libinput uses udev tags to determine what a device is. This is a significant difference to the X.Org stack which determines how to deal with a device based on an elaborate set of rules, rules grown over time, matured, but with a slight layer of mould on top by now. In evdev's case that is understandable, it stems from a design where you could just point it at a device in your xorg.conf and it'd automagically work, well before we had even input hotplugging in X. What it leads to now though is that the server uses slightly different rules to decide what a device is (to implement MatchIsTouchscreen for example) than evdev does. So you may have, in theory, a device that responds to MatchIsTouchscreen only to set itself up as keyboard.
libinput does away with this in two ways: it punts most of the decisions on what a device is to udev and its ID_INPUT_... properties. A device marked as ID_INPUT_KEYBOARD will initialize a keyboard interface, an ID_INPUT_TOUCHPAD device will initialize a touchpad backend. The obvious advantage of this is that we only have one place where we have generic device type rules. The second advantage is that where this one place isn't precise enough, it's simple to override with custom rule sets. For example, Wacom tablets are hard to categorise just by looking at the device alone. libwacom generates a udev rule containing the VID/PID of each known device with the right ID_INPUT_TABLET etc. properties.
This is a libinput-internal behaviour. Externally, we are a lot more vague. In fact, we don't tell you at all what a device is, other than what events it will send (pointer, keyboard, or touch). We have thought about implementing some sort of device identifier and the conclusion is that we won't implement this as part of libinput's API because it will simply be wrong some of the time. And if it's wrong, it requires the caller to re-implement something on top of it. At which point the caller may as well implement all of it instead. Why do we expect it to be wrong? Because libinput doesn't know the exact context that requires a device to be labelled as a specific type.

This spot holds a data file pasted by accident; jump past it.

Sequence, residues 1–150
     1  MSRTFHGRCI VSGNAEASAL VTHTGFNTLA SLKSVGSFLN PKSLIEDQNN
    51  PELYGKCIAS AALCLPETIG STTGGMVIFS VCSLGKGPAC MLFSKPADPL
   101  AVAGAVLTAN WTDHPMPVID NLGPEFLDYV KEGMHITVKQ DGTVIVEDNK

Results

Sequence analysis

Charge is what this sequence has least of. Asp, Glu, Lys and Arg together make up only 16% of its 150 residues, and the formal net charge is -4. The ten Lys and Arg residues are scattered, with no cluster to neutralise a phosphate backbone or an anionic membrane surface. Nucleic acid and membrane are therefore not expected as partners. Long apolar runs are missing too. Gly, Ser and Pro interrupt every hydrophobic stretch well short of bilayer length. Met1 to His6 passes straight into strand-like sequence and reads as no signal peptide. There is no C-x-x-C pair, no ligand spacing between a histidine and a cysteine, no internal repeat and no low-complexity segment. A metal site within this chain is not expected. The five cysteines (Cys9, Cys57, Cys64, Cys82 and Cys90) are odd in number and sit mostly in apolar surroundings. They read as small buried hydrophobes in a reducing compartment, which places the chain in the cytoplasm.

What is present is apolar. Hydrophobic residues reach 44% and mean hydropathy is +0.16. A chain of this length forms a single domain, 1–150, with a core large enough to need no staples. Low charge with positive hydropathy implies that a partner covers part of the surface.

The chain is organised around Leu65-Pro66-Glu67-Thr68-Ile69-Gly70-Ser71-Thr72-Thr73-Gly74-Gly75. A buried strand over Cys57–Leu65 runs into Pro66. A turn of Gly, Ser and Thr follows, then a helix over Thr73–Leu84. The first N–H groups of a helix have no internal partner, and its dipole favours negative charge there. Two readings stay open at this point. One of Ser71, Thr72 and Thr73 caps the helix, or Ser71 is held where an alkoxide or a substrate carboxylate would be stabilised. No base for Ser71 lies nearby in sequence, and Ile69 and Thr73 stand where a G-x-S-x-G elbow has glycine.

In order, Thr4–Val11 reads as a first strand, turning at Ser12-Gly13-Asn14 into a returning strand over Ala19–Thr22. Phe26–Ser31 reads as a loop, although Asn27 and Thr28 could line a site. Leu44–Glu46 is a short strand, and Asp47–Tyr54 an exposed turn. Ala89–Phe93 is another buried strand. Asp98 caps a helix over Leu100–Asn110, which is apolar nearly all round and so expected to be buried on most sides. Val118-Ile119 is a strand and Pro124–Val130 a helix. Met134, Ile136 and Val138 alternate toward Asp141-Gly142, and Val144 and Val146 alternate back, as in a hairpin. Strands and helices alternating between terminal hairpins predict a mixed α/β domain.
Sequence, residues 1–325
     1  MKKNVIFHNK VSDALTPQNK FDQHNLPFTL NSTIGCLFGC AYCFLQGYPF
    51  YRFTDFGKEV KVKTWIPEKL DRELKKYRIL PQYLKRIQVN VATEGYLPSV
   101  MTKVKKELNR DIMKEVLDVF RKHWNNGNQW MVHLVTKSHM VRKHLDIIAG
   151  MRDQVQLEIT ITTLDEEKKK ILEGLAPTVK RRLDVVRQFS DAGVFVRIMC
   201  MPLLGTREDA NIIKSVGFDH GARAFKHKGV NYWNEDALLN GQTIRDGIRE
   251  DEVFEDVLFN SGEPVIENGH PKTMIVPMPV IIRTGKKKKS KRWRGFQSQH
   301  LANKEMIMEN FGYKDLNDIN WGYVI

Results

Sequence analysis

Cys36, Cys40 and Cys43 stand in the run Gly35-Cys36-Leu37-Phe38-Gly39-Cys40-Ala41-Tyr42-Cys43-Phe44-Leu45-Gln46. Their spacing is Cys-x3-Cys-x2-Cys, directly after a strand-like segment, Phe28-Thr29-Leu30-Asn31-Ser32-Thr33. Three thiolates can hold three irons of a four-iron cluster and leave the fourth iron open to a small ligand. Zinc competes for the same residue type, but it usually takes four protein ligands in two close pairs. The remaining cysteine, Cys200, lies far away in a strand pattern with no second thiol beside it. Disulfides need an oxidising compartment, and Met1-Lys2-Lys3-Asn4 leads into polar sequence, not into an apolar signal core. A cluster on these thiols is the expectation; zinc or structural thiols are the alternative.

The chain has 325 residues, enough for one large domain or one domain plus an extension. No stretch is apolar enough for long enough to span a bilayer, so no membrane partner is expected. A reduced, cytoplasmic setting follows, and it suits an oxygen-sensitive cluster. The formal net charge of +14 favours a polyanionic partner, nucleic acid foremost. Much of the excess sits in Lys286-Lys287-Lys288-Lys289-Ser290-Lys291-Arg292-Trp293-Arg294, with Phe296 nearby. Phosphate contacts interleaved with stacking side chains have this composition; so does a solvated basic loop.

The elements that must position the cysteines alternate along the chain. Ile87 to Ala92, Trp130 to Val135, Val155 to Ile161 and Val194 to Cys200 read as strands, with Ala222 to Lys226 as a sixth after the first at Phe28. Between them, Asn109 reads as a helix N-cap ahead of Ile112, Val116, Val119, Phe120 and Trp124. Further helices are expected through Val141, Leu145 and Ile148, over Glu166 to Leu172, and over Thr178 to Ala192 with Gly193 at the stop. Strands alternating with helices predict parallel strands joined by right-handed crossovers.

Take a keyboard for example. There are a great many devices that send key events. To the client a keyboard may be any device that can get an XKB layout and is used for typing. But to the compositor, a keyboard may be anything that can send a few specific keycodes. A device with nothing but KEY_POWER? That's enough for the compositor to decide to shut down but that device may not otherwise work as a keyboard. libinput can't know this context. But what libinput provides is the API to query information. libinput_device_pointer_has_button() and libinput_device_keyboard_has_key() are the two candidates here to query about a specific set of buttons and/or keys.
Touchpads, trackpoints and mice all look send pointer events and there is no flag that tells you the device type and that is intentional. libinput doesn't have any intrinsic knowledge about what is a touchpad, we take the ID_INPUT_TOUCHPAD tag. At best, we refuse some devices that were clearly mislabelled but we don't init devices as touchpads that aren't labelled as such. Any device type identification would likely be wrong - for example some Wacom tablets are touchpads internally but would be considered tablets in other contexts.
So in summary, callers are encouraged to rely on the udev information and other bits they can pull from the device to group it into the semantically correct device type. libinput_device_get_udev_device() provides a udev handle for a libinput device and all configurable features are query-able (e.g. "does this device support tapping?"). libinput will not provide a device type because it would likely be wrong in the current context anyway.